Ambient music needs a new language. The current language of dreams, recollections, faded photos and fog just won’t do anymore, and the visuals, as pretty as they may be, need more variety. Ambient music itself is rich in resonance and rife with possibility, but few folks will ever realize this if the entry points remain the same. I do like the cover of Places, but it’s too vague to attract attention, and in a very crowded field, it may not be enough. The album title, song titles (for example, “4 v.3”), and description fall into the same trap.
Specific is better. Take this review, for example. Shall I write, “the album is filled with notes that allow the mind to wander to unidentifiable places?” That would be accurate enough – but would it get you to listen?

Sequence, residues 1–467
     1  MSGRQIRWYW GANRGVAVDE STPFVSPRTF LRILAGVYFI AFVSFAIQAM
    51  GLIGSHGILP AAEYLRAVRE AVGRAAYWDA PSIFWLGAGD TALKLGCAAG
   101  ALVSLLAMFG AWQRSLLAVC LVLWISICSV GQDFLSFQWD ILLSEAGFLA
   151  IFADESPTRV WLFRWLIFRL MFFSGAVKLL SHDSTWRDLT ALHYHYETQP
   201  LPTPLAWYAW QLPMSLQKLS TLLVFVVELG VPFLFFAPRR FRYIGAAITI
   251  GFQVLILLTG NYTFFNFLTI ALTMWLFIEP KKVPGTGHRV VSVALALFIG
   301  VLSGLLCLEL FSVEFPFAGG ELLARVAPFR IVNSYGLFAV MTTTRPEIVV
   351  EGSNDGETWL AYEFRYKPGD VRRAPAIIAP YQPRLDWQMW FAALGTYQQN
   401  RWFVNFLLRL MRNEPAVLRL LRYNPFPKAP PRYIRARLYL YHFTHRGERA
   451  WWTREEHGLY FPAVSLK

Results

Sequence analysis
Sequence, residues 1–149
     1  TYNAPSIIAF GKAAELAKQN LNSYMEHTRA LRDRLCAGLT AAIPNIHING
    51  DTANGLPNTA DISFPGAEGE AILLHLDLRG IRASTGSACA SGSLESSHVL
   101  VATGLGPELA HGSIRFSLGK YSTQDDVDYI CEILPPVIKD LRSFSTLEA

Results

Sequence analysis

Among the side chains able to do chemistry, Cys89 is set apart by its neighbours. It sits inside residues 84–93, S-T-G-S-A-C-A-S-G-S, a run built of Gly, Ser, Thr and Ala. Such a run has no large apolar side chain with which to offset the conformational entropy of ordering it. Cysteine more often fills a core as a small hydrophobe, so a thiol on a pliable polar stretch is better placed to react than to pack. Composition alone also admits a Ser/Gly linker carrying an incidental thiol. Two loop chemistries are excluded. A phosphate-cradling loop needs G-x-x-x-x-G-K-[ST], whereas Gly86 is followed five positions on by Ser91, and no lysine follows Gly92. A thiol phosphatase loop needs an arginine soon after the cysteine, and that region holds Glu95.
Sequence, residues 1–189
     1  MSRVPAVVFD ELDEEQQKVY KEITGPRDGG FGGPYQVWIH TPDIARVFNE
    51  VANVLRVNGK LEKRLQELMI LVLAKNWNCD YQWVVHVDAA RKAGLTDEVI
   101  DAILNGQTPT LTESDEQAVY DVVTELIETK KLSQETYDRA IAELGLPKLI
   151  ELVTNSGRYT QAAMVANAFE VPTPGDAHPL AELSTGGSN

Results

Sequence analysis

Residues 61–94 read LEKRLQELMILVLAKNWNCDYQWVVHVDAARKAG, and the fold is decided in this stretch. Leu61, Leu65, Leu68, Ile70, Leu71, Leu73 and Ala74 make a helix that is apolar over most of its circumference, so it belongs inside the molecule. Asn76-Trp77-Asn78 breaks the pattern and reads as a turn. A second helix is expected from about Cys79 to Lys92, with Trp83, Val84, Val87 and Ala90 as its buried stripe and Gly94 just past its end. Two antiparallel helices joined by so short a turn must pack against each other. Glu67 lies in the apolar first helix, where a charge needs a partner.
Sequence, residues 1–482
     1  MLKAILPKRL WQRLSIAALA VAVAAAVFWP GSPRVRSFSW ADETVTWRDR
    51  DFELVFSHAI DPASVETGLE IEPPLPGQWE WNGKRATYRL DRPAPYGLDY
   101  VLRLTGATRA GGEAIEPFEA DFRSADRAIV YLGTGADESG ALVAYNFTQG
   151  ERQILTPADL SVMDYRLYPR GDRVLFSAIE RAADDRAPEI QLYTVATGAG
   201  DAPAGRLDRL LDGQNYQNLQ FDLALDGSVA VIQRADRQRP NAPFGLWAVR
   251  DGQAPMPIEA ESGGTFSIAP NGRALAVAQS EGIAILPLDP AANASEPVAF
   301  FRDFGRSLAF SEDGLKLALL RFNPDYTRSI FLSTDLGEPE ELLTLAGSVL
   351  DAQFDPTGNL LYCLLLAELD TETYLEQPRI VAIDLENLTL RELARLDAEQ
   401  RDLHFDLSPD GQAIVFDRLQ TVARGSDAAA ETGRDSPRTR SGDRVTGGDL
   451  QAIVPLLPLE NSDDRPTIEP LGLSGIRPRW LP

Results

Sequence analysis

But what if I were to write, also accurately, that the album is comprised not only of field recordings, but of sounds from a noise generator and a mini bandura? Or that a bandura is a Ukrainian hybrid instrument, the mutant love child of a box zither and a lute, that it can also refer to a hurdy-gurdy (the subject of Donovan’s 1968 hit “Hurdy Gurdy Man”), or that many famous bandurans were blind – thus explaining the connection between the music and the conjured mental images? Or that Nasung, who lives in Poland, recently participated in a concert celebrating experimental music from Belarus, demonstrating his love for the preservation and continued exploration of ethnic music? Or that his cavernous music warbles and echoes in canyons of static and drone, that it is often deep beyond measure, that even a two speaker system bleeds it through in three dimensions? Would you want to check it out then? What if I were to tell you that the waves on the first track might not actually be waves, or that the stereo effects of the fourth come across as a clash between the cries of tradition and the pliers of the new? Or that the closing piece separates circus and construction, placing them at opposite ends of the sound field? What would you do then? (Richard Allen)